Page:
Hmmm… May need to check with some of my b-school friends about how to compare those fundamentals. Meanwhile, here are a few notes from Google about their experiences and benchmarks working with Linux kernels and very large-scale distributed computing.


My first full-time job as a engineer was at a start-up in Sunnyvale in the summers of 1983-84. Our team ported Unix to a 32-bit minicomputer, and I wrote the sort package. If you've shopped at Ace Hardware or Pep Boys, your transactions probably went through our code. I'm grateful for that experience and learned a bit about operating systems by helping implement part of a popular embedded commercial distro.

At the time, many companies were totally absorbed in COBOL – still a good living back then. Those shops seemed oblivious to the changes underway: Unix minicomputers on the high end, workstations in the mid-range, PCs on the low end (e.g., Apple II running VisiCalc). These would soon wipe out COBOL programming like a forest fire raging through a stand of dry pines.

About that time I attended a seminar by one of my CS profs and his colleagues, describing a start-up based on work at Stanford University Network, aka SUN, which had commercialized a new network-enabled minicomputer. They considered that work transformational. Read: disruptive. They were right. That same year, Steve Jobs gave a standing-room-only lecture on campus about what he'd learned from Xerox PARC, aka the Lisa just prior to the Macintosh. He considered that work transformational. He was right. Meanwhile, a guy named Larry Ellison was busy hiring the bulk of our CS grads for his company, Oracle. You know the rest of the story. We could see big changes ahead circa 1983-84.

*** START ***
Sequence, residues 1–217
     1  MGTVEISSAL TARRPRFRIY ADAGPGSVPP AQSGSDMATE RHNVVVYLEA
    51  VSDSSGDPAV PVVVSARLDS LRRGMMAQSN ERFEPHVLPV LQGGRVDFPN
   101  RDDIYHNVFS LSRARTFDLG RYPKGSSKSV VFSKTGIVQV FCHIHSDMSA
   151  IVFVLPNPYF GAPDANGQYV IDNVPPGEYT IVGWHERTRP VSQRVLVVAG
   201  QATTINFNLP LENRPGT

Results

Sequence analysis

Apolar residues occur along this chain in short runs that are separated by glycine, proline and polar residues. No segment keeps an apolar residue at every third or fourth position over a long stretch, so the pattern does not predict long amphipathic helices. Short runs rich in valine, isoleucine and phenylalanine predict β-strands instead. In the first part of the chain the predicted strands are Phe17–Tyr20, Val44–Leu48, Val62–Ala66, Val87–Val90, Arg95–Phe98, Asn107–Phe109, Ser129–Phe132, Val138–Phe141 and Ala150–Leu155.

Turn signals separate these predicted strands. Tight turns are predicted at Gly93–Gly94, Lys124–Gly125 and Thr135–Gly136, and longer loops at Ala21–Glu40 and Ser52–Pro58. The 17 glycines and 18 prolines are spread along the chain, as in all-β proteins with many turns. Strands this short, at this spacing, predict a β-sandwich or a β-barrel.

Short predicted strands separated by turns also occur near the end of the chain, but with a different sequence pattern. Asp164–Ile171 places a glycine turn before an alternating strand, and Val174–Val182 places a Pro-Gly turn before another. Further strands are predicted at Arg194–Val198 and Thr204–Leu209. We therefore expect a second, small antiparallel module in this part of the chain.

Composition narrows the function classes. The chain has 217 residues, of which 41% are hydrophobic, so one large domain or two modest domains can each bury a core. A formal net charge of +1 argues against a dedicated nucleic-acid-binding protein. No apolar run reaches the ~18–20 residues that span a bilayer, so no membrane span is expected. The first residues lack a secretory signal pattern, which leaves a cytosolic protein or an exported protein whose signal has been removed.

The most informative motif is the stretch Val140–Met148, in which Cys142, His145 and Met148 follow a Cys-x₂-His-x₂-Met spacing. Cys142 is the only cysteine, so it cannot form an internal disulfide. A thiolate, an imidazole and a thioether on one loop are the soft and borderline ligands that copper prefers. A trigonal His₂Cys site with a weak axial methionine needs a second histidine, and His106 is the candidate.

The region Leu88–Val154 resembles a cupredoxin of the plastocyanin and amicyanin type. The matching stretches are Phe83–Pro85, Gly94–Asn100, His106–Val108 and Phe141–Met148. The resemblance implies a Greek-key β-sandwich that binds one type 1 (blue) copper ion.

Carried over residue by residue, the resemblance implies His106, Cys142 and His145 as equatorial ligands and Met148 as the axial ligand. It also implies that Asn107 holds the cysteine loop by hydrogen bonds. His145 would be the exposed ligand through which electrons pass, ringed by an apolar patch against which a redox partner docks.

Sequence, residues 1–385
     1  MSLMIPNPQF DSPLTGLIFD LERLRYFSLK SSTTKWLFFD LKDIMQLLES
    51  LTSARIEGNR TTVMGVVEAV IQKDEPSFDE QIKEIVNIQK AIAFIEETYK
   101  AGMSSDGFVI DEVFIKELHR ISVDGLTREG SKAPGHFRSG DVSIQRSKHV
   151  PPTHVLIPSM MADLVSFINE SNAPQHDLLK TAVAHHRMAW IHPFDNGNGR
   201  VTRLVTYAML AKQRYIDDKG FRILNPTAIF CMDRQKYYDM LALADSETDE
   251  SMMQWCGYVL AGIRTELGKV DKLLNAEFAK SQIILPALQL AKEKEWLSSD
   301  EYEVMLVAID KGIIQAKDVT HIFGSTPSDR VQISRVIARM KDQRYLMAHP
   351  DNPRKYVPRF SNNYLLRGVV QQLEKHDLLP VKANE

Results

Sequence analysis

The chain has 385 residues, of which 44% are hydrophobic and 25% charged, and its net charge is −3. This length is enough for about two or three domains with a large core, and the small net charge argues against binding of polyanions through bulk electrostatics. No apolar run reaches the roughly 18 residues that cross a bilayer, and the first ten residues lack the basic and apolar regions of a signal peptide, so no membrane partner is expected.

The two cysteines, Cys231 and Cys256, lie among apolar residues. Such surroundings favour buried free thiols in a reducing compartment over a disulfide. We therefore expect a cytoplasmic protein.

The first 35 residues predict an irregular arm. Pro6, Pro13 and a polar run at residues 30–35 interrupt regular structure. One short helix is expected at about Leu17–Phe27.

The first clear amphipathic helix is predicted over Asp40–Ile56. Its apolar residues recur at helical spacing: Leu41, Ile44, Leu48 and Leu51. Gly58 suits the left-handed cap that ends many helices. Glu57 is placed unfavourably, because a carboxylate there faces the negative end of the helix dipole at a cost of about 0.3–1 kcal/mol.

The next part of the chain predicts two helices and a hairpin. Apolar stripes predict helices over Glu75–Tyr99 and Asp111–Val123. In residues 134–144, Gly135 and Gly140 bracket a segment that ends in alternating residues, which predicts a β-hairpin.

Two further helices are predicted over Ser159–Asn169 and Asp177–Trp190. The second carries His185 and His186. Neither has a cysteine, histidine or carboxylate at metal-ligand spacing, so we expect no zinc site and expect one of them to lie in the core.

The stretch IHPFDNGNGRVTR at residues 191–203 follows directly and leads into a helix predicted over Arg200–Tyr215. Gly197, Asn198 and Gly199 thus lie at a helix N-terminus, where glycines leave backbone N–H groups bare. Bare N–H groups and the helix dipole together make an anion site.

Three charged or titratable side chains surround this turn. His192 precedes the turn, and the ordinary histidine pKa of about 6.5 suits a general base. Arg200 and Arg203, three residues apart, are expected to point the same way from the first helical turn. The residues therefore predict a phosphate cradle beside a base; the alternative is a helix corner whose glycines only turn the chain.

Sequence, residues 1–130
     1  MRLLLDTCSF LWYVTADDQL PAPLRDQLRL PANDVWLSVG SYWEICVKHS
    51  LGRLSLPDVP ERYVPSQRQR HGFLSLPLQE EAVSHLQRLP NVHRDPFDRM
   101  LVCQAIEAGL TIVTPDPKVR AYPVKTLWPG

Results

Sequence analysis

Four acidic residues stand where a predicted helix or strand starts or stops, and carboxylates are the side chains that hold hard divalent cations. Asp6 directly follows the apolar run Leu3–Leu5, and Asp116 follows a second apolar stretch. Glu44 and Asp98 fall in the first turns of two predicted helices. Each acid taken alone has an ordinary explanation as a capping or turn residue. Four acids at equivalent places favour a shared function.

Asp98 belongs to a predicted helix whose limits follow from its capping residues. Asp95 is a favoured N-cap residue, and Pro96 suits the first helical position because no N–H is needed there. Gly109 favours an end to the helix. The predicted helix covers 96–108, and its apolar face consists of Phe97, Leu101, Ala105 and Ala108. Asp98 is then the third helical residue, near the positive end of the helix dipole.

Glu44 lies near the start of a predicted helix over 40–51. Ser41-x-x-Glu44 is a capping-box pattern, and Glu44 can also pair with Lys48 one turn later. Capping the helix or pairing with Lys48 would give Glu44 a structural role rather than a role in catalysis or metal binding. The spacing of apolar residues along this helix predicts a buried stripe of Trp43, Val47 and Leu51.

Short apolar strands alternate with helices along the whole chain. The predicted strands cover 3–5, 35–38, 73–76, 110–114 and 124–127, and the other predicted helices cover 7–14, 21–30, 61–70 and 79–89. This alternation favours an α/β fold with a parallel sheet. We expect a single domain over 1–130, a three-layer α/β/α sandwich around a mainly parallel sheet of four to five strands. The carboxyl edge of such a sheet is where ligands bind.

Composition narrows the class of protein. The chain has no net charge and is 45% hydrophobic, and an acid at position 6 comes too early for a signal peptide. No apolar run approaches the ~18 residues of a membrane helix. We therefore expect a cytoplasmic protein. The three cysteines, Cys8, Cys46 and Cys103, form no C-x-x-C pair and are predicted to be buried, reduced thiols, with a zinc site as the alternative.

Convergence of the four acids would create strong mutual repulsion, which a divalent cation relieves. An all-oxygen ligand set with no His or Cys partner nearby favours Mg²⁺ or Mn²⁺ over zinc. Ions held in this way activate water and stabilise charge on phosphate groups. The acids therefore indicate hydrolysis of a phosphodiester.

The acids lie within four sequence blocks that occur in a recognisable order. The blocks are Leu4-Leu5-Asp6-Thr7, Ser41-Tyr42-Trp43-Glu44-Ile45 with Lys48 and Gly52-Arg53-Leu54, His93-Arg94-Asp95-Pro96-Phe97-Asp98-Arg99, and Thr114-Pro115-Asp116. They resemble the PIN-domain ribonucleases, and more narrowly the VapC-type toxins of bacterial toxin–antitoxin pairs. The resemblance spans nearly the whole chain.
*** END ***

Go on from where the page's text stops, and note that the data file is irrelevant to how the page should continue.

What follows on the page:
Over time, I've noticed how disruptive changes in computer technology tend to happen faster at the hardware and OS level, while the popular programming languages struggle to keep pace. Legacy frameworks encounter even more difficulty. I recall lectures at Stanford CS teaching pretty much the opposite: that it's simpler to evolve new technology at the language and application layer. While that notion may hold power in academia, its narrative conceit is that computer programming languages become tied to culture in industry, and culture has inertia.

That leaves us where we are today with Java vis-a-vis Big Data. For better or for worse, YHOO circa 2006 made a big bet on Java as the principal language for Big Data frameworks. YHOO circa 2006 didn't last, but the frameworks that emerged from it persist. These days the Big Data vendors are thoroughly occupied selling Apache Hadoop to the Global 1000 as a glorious path into a shiny, data-imbued future. In other words, recreating the Global 1000 in the image of YHOO circa 2006. Some excellent work came out of Yahoo! from the mid-/late- 2000s, and I greatly admire my friends who were there and made that happen. Even so, Hadoop is based on work at GOOG circa 2002 – now a few generations behind. Living (literally) with GOOG in my backyard, my neighbors who work there smirk whenever the word "Hadoop" gets mentioned.

When I see talented people who have their heads stuck inside IntelliJ, who cannot think outside of a Java API, it seems sad. It reminds me of those poor souls circa 1983 pouring over COBOL punch cards and teletype output. Sure, there's excellent software written in Java – java.util.concurrent comes to mind immediately.

I'm obviously quite a fan of JVM-based functional programming languages such as Clojure and Scala. However, when the "thought leaders" go around talking about Hadoop as an operating system, re-defining HA/low-latency service endpoints to be based on Hadoop and Java – it's COBOL all over again. Hold on tight.

Linux is an operating system. Unix is an operating system which had sophisticated features even sooner – arguably, as of the Linux 3.x kernels the playing field has perhaps become more leveled? Windows is also an operating system, albeit geared toward different usage. When people try to pitch "Hadoop as an operating system", they are trying to sell you snake oil.

The only thing that nonsense will buy the IT industry is even more of a guaranteed revenue stream for people building zero-day exploits in Beijing. Let's just suppose, hypothetically, that you run part of IT at Morningstar or Schwab. Imagine somebody trying to pitch you on JVM for low-latency services and cluster management. Are you going to bet your EVP's bonus on snake oil? Didn't think so.